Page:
Wednesday, February 23, 2011

Worst-case scenario. Worse than a dirge.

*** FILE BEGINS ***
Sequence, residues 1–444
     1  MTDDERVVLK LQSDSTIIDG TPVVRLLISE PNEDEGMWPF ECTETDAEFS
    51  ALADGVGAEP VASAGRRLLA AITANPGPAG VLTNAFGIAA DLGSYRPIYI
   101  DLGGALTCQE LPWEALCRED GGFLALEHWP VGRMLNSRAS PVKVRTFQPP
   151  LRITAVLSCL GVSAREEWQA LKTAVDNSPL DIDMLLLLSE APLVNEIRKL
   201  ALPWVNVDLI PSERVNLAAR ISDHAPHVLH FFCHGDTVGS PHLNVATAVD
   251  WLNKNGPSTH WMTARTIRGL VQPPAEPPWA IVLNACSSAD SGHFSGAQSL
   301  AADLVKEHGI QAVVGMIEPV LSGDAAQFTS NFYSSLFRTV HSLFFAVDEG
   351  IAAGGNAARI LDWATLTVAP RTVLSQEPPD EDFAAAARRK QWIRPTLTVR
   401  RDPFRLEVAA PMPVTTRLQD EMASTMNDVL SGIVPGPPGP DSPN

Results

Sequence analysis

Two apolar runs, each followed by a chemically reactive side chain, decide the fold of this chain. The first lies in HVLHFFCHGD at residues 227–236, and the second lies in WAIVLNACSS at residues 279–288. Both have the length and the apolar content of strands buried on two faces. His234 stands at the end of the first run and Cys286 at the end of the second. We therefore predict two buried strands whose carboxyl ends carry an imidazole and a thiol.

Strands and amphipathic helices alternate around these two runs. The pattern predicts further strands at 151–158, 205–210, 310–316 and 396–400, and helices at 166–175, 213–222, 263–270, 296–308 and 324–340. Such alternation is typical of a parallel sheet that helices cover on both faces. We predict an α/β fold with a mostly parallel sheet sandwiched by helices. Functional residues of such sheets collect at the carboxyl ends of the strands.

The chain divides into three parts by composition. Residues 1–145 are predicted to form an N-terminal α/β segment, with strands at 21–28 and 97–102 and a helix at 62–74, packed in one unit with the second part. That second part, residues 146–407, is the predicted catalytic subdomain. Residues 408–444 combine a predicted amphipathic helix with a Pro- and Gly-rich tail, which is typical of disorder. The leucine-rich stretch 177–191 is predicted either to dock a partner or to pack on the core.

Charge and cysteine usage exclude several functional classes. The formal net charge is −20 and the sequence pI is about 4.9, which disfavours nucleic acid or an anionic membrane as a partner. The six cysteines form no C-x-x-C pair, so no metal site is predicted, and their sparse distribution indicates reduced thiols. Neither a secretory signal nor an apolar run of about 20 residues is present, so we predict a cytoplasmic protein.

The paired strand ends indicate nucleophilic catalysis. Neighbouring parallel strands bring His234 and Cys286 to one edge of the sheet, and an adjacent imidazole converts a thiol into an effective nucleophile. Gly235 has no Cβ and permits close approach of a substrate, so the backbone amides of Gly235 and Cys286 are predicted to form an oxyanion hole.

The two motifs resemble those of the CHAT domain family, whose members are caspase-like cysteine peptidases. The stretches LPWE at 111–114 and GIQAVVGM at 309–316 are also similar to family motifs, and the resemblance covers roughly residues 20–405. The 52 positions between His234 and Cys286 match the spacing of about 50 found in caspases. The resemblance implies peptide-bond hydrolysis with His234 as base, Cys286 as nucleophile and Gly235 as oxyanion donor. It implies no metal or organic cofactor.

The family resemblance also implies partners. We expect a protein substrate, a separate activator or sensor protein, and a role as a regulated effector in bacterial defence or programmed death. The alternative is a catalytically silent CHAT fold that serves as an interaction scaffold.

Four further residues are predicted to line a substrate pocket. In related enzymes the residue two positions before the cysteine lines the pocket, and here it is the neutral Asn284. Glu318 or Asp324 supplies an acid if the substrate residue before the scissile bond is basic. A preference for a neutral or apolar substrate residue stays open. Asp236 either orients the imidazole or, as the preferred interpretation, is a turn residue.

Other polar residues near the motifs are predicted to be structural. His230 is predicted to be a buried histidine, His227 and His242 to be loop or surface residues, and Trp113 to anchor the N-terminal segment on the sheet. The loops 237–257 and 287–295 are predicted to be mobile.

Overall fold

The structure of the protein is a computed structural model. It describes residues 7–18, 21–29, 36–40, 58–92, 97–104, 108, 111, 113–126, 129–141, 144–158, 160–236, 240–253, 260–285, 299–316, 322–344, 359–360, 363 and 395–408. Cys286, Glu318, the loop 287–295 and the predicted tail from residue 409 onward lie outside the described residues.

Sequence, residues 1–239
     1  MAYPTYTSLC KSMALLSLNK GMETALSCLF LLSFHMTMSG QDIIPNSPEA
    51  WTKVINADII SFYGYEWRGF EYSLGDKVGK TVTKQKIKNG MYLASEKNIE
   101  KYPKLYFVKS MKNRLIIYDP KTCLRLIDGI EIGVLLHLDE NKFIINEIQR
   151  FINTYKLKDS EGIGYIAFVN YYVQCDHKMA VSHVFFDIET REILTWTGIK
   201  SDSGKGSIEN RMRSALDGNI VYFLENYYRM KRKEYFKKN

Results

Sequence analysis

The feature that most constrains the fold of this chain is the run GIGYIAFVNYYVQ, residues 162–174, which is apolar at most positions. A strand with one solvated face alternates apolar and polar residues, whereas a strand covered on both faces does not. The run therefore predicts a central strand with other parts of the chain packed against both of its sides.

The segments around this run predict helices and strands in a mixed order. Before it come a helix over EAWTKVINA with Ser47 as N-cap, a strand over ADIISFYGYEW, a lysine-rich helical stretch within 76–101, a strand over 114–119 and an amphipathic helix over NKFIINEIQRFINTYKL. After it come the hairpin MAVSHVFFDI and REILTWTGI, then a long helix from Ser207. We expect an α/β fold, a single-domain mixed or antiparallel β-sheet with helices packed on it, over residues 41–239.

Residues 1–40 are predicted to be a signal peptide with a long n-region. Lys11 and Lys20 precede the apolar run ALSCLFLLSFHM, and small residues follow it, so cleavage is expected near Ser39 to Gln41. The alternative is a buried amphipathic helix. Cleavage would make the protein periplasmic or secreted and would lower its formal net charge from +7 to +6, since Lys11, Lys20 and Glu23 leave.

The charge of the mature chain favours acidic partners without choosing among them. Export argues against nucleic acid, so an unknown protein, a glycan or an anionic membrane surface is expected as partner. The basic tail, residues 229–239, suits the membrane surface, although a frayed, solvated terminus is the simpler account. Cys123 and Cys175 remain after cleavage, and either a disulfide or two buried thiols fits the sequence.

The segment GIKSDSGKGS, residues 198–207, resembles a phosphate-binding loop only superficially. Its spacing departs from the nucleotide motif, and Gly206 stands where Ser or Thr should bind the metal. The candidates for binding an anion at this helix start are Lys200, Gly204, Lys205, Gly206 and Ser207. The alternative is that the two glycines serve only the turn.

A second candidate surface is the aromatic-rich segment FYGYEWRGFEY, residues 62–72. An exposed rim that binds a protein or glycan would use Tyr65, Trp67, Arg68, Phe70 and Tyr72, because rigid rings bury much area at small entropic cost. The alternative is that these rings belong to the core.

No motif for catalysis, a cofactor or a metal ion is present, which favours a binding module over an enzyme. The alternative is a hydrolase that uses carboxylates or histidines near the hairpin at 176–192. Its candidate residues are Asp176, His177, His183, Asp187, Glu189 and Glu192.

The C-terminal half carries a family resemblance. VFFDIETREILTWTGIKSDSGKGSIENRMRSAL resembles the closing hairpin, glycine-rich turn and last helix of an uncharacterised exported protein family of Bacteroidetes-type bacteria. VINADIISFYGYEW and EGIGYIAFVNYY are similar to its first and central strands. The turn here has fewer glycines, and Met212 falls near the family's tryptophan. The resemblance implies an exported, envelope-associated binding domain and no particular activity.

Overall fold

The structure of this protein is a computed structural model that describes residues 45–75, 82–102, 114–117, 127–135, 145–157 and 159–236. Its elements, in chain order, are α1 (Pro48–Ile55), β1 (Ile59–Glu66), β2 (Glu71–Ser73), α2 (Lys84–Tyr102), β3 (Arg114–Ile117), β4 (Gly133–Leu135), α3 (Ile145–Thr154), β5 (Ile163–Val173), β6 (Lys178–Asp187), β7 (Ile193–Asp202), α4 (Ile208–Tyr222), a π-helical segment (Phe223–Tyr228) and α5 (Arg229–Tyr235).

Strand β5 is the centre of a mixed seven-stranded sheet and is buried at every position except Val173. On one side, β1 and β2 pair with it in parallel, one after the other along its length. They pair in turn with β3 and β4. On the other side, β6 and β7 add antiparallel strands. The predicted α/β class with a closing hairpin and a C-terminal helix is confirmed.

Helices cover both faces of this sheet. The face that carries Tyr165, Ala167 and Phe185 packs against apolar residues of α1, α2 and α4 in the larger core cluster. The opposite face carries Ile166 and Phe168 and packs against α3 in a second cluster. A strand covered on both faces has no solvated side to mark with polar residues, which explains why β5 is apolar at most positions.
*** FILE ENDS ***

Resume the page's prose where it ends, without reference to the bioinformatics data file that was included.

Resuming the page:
There was actually a time in the Hindi film timeline (much before “Bollywood” became the vogue word) when really big-time stars did not flinch at being paired off with non-stars. The most glaring examples were Geeta Bali matching dancing steps with the erstwhile stunt star Mater Bhagwan in Albela (1951) and Shriman Satyawadi (1960) where Raj Kapoor consented to acting with Shakila without batting an eyelid. In those days, star earnings were not counted in crores of rupees but in single digit lakhs. They also did not have any product endorsing or ambassadoring opportunities and idiot box appearances to fall back on. Life was simple and honest and so was moviemaking. Middle India, the chief consumer of Hindi movies, too was not as greedy and self-indulgent as it has now become. To get an idea of how much of a turn for the worse things have taken since then, you should listen carefully to Middle Indian preteens slurpingly describing the food spreads they’re frequently privy to or their mall and multiplex visits. When I was their age, I did not know enchilada from my elbow. And, although I was clued in to Hindi and Marathi movies and cricket from a fairly early age, my role models were neither film stars nor cricketers but fictional characters like Robin Hood and Sherlock Holmes. I was totally ill informed on the availability of goodies of all sorts and didn’t really crave for them probably because there were not too many of them around. (The only stuff I craved for was the unattainable 25-cent novelty items advertised in American comics.) I’m not saying that I was particularly virtuous, moral, principled, just, straight, honorable, honest, upright or incorruptible. I was just too dumb and deprived of temptations. I didn’t either know or use the F-word till well past puberty. Times sure have changed.